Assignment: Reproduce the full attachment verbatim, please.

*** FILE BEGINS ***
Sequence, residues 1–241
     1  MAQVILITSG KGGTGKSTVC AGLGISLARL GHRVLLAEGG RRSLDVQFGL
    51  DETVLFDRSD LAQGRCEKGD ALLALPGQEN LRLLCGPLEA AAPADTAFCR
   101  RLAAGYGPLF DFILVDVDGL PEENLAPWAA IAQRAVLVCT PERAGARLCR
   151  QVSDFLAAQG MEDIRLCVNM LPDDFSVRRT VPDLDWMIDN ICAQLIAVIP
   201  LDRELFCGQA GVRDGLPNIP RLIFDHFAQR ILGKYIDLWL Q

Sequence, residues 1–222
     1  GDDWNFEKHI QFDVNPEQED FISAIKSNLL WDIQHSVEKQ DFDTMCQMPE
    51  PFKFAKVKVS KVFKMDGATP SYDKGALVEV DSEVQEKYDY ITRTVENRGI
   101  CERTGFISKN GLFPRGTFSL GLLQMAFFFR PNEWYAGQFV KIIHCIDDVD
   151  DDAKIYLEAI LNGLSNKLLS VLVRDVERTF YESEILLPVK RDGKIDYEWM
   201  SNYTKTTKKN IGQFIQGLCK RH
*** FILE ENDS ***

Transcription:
Sequence, residues 1–241
     1  MAQVILITSG KGGTGKSTVC AGLGISLARL GHRVLLAEGG RRSLDVQFGL
    51  DETVLFDRSD LAQGRCEKGD ALLALPGQEN LRLLCGPLEA AAPADTAFCR
   101  RLAAGYGPLF DFILVDVDGL PEENLAPWAA IAQRAVLVCT PERAGARLCR
   151  QVSDFLAAQG MEDIRLCVNM LPDDFSVRRT VPDLDWMIDN ICAQLIAVIP
   201  LDRELFCGQA GVRDGLPNIP RLIFDHFAQR ILGKYIDLWL Q

Sequence, residues 1–222
     1  GDDWNFEKHI QFDVNPEQED FISAIKSNLL WDIQHSVEKQ DFDTMCQMPE
    51  PFKFAKVKVS KVFKMDGATP SYDKGALVEV DSEVQEKYDY ITRTVENRGI
   101  CERTGFISKN GLFPRGTFSL GLLQMAFFFR PNEWYAGQFV KIIHCIDDVD
   151  DDAKIYLEAI LNGLSNKLLS VLVRDVERTF YESEILLPVK RDGKIDYEWM
   201  SNYTKTTKKN IGQFIQGLCK RH